We need a major overhaul of our surveillance laws. Laws need to be updated to take into account new technological realities and capabilities. The Government, with limited safeguards and under the veil of secrecy, has unprecedented capabilities to peer into our lives. These incredible capabilities must be strictly regulated. When the state’s powers are incompatible with our democratic values and human rights obligations, their use must cease.

2.  TRANSPARENT LAWS, NOT SECRET LAWS
The Government is using secret agreements and abusing archaic laws. We need a clear legal framework governing surveillance to protect our rights.

The British public does not have access to the legal regime that governs these surveillance powers. We cannot hold our governments accountable when their actions are obfuscated through secret deals and covert legal frameworks. With the exception of a handful of documents, none of the laws and agreements that govern the way in which surveillance is conducted and intelligence is shared between Five Eyes countries  (Australia, Canada, New Zealand, UK and US) is publicly available. By remaining in the shadows, our intelligence agencies – and the government – have removed our ability to challenge their actions and their impact upon our human rights. All intelligence activities must be properly legislated and subject to parliamentary and public scrutiny.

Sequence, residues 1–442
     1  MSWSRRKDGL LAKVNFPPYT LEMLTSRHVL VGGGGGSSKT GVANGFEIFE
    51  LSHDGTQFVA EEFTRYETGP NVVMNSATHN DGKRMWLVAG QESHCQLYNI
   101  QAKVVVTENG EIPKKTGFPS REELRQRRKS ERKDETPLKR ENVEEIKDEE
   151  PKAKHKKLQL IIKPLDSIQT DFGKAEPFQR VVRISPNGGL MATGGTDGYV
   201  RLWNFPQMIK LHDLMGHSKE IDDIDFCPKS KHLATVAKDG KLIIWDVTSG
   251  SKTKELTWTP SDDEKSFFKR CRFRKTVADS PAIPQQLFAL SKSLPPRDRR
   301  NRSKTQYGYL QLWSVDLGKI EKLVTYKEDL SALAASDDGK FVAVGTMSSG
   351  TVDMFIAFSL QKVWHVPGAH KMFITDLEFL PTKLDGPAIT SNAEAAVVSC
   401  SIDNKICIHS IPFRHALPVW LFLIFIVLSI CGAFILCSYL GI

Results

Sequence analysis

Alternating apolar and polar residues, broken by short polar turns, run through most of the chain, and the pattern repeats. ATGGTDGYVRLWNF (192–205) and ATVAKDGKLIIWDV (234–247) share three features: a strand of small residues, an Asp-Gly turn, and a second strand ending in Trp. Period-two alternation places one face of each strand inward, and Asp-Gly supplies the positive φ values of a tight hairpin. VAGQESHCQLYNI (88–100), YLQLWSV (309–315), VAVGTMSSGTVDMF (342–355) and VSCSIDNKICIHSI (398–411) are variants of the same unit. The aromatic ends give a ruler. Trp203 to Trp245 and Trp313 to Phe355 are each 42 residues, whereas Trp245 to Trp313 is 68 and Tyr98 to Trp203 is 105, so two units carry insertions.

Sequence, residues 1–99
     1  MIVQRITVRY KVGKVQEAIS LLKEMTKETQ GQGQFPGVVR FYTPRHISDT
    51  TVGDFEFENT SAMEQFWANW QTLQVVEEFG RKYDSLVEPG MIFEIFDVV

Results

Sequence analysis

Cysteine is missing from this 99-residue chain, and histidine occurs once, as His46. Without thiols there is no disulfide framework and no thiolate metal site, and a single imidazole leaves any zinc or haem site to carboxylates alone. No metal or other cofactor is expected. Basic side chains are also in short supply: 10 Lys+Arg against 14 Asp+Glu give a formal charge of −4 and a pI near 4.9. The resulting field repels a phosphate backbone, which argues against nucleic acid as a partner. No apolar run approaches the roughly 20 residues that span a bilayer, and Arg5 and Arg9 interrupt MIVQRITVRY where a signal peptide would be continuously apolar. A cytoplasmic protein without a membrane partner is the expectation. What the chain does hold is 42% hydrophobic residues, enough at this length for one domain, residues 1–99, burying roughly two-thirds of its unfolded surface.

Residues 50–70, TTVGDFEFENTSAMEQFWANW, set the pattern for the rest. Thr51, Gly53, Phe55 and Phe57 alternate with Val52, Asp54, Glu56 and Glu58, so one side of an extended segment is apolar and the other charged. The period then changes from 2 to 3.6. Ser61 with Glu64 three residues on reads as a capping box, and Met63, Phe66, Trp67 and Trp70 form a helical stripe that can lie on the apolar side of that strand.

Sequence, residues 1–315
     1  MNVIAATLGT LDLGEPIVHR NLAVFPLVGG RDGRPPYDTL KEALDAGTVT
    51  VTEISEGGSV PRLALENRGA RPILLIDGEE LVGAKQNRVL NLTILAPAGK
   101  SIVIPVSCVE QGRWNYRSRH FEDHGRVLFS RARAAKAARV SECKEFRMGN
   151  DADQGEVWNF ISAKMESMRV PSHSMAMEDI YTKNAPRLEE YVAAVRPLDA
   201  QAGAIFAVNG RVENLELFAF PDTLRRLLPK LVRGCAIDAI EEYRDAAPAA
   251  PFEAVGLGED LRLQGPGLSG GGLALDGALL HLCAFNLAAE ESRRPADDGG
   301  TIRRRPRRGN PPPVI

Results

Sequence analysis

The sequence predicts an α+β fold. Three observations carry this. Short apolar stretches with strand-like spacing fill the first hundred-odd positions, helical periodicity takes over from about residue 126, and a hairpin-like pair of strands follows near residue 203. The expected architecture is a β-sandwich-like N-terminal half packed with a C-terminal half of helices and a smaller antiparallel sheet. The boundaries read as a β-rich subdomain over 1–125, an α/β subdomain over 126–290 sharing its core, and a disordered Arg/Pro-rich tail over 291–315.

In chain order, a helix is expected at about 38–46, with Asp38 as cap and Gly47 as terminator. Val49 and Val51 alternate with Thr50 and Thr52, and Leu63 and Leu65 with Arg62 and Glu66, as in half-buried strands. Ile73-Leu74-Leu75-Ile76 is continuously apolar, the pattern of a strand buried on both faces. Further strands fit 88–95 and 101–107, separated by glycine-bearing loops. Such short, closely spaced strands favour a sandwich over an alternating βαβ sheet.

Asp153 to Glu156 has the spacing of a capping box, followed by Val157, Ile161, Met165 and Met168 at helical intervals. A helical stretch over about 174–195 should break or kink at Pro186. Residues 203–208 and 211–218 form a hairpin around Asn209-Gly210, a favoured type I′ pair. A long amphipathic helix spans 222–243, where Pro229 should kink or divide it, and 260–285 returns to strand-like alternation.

3.  JUDICIAL NOT POLITICAL AUTHORISATION